Powered by the people: Bemidji’s Rail River Folk School shows progress in first three years of existence
The co-founders of the Rail River Folk School can rattle off a number of accomplishments reached in their first few years of operation.
From holding more classes in gardening and carpentry to becoming somewhat of a cultural center for artists and musicians, they’ve progressed from their official opening in 2010.
But when asked about those accomplishments, Rochell Carpenter has another one in mind.
“You mean other than just existing?” she said with a laugh.
The school, which opened in 2010, isn’t a school in the traditional sense. Carpenter and co-founder Jessica Saucedo started it as a means to bring together artists, craftspeople, gardeners and others for classes and workshops. They began with a hope that people would become more dependent on each other and themselves by learning skills been passed down through generations.
Through classes and other partnerships with non-profits throughout the community, Carpenter and Saucedo said they are already seeing results.
But the road hasn’t always been smooth. Personal challenges have sprung up, and the July 2, 2012 windstorm took off part of their roof.
But Carpenter, a licensed contractor who teaches carpentry at Leech Lake Tribal College, said they do much of the upkeep at the building, which saves them money. That self-reliance is the same thing she and Saucedo want to bestow onto people visiting and learning at the school.
“It’s not about the dollars,” Carpenter said. “But it’s definitely about what it’s done in the hearts and minds of people; I think has been a tremendous success.
Saucedo grew up in the area and graduated from Bemidji High School. She said she’s always been a proponent of protecting the environment.
“I was the kid who was an activist, I tried to get the lunch ladies to stop using Styrofoam,” Saucedo said.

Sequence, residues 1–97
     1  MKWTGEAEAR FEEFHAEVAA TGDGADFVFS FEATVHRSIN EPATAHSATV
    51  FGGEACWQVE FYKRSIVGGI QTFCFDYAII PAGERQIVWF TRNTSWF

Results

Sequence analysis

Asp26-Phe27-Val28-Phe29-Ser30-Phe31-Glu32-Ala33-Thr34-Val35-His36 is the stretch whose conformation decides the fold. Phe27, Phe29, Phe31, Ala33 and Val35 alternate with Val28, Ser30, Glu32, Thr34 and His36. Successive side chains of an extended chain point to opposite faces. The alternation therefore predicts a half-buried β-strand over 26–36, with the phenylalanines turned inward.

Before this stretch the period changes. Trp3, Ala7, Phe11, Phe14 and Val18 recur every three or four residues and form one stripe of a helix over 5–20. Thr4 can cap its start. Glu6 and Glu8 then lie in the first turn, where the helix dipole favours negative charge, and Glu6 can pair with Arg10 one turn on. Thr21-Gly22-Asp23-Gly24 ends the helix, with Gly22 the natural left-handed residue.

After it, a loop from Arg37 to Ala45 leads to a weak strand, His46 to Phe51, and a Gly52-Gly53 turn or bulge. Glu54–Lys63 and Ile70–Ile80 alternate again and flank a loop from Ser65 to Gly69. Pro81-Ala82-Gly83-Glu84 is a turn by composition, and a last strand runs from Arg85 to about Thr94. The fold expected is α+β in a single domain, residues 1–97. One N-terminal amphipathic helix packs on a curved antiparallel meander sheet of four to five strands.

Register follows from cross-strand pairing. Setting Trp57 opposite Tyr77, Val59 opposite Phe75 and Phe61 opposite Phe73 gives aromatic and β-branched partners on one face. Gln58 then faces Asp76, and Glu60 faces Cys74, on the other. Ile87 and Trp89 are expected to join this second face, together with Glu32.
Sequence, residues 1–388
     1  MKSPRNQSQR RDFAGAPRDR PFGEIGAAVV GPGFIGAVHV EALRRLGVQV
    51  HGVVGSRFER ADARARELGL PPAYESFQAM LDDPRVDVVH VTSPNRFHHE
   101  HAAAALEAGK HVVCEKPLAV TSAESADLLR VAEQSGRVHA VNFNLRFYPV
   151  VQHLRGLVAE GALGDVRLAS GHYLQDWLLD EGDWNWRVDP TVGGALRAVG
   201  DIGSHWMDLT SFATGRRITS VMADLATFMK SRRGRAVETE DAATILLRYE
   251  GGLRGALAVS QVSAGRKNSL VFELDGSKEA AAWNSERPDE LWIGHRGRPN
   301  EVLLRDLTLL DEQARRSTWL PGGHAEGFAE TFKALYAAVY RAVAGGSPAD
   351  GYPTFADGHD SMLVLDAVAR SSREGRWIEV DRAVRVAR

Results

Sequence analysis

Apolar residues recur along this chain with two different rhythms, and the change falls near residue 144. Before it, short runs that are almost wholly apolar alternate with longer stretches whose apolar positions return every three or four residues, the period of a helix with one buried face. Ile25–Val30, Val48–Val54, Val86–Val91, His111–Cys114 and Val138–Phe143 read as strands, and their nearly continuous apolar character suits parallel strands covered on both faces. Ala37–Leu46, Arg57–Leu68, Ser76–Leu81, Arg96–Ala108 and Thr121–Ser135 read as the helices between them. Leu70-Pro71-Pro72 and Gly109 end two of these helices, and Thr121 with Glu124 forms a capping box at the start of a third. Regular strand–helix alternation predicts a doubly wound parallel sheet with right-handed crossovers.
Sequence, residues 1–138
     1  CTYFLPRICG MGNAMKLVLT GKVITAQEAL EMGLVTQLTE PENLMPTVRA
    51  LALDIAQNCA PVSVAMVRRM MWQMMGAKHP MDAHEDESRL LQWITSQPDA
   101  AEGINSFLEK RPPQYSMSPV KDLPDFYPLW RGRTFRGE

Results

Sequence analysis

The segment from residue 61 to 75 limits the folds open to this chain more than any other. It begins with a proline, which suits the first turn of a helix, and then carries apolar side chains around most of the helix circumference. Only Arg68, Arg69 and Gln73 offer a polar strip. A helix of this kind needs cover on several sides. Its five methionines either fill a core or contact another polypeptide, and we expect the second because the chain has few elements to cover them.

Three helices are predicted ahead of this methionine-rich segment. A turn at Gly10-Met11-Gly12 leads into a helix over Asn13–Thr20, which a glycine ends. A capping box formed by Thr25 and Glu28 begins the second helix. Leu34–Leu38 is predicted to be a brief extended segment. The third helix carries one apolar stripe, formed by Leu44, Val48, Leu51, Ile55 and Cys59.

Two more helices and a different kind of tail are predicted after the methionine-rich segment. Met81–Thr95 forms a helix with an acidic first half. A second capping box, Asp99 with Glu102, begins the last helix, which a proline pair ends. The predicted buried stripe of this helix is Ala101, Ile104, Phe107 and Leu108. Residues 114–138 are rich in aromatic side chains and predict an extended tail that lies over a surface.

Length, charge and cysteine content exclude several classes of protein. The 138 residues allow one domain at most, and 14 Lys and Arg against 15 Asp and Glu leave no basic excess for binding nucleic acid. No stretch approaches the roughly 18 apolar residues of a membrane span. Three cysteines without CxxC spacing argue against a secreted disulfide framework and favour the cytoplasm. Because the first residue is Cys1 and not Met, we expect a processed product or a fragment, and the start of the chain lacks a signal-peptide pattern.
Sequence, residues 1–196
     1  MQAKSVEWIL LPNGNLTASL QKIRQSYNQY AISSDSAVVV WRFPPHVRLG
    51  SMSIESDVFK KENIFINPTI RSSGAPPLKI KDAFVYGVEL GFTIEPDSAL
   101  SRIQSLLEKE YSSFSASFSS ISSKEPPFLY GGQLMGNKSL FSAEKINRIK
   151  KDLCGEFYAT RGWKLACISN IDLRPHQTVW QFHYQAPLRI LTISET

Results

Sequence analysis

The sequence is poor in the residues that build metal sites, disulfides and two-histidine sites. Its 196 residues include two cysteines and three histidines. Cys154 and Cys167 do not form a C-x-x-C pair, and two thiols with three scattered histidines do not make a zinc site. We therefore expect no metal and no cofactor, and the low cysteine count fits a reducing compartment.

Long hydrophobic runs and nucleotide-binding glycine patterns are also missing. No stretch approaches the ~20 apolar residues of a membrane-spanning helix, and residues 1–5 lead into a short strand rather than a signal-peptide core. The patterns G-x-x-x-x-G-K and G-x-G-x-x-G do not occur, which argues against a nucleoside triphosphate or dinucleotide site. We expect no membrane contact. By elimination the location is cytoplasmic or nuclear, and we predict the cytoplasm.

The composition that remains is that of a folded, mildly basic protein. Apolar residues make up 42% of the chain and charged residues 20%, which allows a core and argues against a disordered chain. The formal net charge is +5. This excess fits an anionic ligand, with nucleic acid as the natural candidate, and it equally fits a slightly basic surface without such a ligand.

She then moved to the Twin Cities and became friends with Carpenter, a fellow BHS graduate. But after getting married, Saucedo wanted to get back to her roots, and moved back here about six years ago.
She also wanted to teach her first child some of the same skills she learned growing up.
“I realized some of my most rich memories and strongest foundations come from the time I spent with my grandparents on the farm,” Saucedo said.
She met with Carpenter, who had since also moved back to the area. They began renting some space within what would become the Rail River Folk School building at 303 Railroad St. SW.
“We came together because we’re kind of like the two sides of a coin,” Saucedo said. “I’m big ideas, she’s well-rooted into the logistics and the how-to.”
They bought the building about a year ago, a milestone has been met with some struggle. Since the Rail River has been open, Saucedo has experienced the accidental death of her mother.
“There’s been a number of things that could have really stalled this project out,” Saucedo said. “And it is because it is grassroots and it’s community-based that it … relies on its own momentum.”
Saucedo and Carpenter tend to measure their success with how many connections they’ve made in the community and how many people they’re bringing together under the folk school’s roof.
To that end, Saucedo was recently named the executive director of the local non-profit B-Well, a health education initiative.
There are several weekly or monthly events happening at the school, including a weekly meeting to discuss, among other topics, green and environmental initiatives called “Sustainable Tuesdays.”
But some people also rent the space to hold their own classes, touching on topics such as bike safety and mechanics, how to determine what wild foods are edible and violin lessons.
Saucedo said giving those people a means to engage with others is what the Rail River Folk School is all about.
“That’s the bottom line,” she said. “Rail River is a hub, it’s a physical place. The rest is just people potential.”